One of the marks of the confusion of our age is that we have come to value feeling the right thing over doing the right thing.
That actually may be giving the current mood too much credit. It would be nearer the truth to say we value professing to feel the right thing over doing the right thing. We live in an age of sentimentality where feeling the joys, or particularly the pains, of another (or at least expressing that we do) is considered virtuous in itself.
But surely sympathy, while often commendable, is not the main point.
Lesson from Christology
This was brought home to me recently while reading William Shedd’s treatment of Christ’s temptations and impeccability. It is sometimes argued that being “tempted in every way just as we are” (Heb. 4:15) means Christ experienced the exact temptations we face in the exact way we face them. But Christ was never tempted to spend too much time on an iPhone or to give his wife the cold shoulder. Jesus didn’t face precisely the same temptations we face.
More importantly, he didn’t face temptation in the same way. Our temptation is often tainted with sin, arising within us as an expression of original or indwelling sin. Christ could not experience temptation just as we do and still be a sinless Savior. What Hebrews means instead is that Christ knew the kinds of weaknesses, sufferings, and afflictions we know. “In order to sympathize with a person,” Shedd writes, “it is not necessary to have the exact same affliction that he has. It is only necessary to have been afflicted” (Dogmatic Theology, 669). And Christ was certainly afflicted in suffering and in temptation. We may not know the internally psychology of our impeccable Savior as he was tempted, but he was genuinely tempted, even if the temptation did not arise within him, like ours often does, from the power of indwelling sin. Christ can sympathize with afflicted human beings because he too was afflicted.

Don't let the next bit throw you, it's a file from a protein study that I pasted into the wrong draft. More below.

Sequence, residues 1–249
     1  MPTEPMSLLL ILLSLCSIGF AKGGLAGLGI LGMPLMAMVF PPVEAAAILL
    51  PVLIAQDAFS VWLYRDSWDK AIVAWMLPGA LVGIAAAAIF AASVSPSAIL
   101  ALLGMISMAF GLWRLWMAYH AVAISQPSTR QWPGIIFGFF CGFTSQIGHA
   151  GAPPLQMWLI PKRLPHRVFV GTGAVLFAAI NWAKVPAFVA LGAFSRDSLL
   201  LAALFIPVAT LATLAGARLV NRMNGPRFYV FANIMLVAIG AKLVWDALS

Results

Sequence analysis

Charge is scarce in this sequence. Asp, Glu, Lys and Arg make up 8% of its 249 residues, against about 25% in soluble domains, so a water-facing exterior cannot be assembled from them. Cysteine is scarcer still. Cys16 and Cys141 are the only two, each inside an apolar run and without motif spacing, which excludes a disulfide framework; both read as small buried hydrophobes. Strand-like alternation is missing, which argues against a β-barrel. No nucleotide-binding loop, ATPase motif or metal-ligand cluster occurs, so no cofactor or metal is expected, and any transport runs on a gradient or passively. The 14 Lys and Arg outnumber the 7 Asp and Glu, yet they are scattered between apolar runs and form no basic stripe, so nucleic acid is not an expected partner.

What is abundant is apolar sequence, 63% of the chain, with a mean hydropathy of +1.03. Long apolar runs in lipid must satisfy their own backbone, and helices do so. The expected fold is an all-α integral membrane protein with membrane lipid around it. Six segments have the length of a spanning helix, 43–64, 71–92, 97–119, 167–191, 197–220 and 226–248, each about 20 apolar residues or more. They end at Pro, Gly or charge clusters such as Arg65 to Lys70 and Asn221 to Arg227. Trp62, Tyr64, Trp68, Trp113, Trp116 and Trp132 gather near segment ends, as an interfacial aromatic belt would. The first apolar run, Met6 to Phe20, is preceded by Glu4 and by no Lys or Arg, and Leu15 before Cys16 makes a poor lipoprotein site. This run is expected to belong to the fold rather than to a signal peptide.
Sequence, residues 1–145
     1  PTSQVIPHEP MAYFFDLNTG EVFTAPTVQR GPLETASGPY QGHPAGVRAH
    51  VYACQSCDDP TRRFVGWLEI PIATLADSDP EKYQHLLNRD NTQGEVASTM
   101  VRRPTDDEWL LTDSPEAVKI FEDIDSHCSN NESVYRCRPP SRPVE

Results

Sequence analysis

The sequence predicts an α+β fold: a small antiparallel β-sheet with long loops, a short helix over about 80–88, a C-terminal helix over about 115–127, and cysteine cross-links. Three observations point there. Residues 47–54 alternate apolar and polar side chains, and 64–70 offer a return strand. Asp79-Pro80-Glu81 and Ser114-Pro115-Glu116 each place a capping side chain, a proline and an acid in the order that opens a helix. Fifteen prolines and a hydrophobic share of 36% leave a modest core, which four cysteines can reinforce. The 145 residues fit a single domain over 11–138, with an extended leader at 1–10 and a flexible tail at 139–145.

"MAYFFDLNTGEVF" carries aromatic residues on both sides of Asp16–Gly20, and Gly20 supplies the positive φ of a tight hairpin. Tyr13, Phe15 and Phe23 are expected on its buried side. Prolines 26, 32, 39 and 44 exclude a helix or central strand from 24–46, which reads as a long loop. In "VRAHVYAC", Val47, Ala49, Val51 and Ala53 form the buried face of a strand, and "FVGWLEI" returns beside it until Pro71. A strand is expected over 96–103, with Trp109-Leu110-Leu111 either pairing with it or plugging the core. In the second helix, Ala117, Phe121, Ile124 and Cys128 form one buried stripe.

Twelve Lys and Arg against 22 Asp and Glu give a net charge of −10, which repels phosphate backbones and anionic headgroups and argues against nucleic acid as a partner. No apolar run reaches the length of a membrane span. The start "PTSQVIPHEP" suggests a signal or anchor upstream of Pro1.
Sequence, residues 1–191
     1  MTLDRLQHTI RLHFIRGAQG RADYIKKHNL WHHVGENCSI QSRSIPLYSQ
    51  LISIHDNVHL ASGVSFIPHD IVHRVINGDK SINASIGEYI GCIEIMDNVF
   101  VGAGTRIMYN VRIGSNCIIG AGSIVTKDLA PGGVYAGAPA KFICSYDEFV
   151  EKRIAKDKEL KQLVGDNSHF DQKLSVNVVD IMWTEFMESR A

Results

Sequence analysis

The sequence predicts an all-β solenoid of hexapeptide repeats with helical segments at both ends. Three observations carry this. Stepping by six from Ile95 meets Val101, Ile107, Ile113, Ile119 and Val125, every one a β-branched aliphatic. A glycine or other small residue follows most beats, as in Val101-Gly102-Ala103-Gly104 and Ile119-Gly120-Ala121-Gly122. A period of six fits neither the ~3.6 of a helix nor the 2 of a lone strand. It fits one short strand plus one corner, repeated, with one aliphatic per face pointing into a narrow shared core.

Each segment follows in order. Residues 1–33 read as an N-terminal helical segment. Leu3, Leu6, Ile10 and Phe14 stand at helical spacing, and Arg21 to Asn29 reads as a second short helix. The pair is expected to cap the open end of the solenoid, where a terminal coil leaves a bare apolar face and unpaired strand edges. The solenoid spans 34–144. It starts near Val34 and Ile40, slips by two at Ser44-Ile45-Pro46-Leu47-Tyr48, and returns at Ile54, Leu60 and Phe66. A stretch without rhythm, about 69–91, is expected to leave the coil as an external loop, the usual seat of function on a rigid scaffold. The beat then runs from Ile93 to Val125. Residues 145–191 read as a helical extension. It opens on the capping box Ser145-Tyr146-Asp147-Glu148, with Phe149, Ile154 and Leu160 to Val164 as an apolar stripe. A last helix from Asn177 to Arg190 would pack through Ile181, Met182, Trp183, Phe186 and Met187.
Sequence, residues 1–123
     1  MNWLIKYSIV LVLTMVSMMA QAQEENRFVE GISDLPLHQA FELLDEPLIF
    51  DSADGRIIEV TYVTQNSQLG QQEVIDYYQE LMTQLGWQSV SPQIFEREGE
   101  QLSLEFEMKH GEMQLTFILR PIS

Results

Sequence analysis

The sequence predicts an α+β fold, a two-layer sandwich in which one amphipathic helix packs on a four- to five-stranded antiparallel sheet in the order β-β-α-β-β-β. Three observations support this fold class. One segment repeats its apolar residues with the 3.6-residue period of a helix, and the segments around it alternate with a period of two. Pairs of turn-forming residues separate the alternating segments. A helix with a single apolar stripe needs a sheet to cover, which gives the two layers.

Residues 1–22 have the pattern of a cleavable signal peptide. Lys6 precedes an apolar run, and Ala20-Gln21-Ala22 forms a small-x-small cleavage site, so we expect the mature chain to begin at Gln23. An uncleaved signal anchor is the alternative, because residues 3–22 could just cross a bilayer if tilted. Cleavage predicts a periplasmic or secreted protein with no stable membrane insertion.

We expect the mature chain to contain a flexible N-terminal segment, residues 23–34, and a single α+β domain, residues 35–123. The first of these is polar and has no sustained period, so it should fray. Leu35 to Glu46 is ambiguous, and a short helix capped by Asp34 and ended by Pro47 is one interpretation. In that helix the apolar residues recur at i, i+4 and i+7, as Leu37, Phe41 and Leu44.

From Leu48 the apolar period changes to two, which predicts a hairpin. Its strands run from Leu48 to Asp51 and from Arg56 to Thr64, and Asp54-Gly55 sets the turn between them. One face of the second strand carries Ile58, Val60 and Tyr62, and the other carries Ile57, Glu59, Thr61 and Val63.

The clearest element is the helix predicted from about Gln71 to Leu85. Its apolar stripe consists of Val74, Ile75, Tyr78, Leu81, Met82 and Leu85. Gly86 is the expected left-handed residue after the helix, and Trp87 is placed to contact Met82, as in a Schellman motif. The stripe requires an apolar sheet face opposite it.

The good news in having a sympathetic high priest is not that Christ sprained his ankle as many times as I’ve sprained my ankle, nor is the good news more generally that Christ continues to hurt when we hurt (let alone that God suffers when we suffer). No, the good news in having a theanthropic person in heaven—the God-man—who knows our weaknesses is that we can, therefore, with confidence draw near to the throne of grace, that we may receive mercy and grace in time of need (Heb. 4:15-16).
It is a glory beyond measure that the incarnate and perpetual God-man is able to sympathize with our weakness, but sympathy itself is not the point (interestingly, the text doesn’t say he sympathizes with us, but with our weaknesses). The point is that because of the Son’s identification with his brothers he can help us. Surely, it’s significant that the two great Christological identification passages in Hebrews—chapter 2 and chapter 4—conclude with the reassurance that our faithful high priest will help us (Heb. 2:18; 4:16). The emphasis is not on Jesus feeling the right thing in heaven. Rather, the good news is that because he has felt what we felt, he will surely come to our aid. The doctrine of our sympathetic Savior should not be construed as the triumph of sentimentality.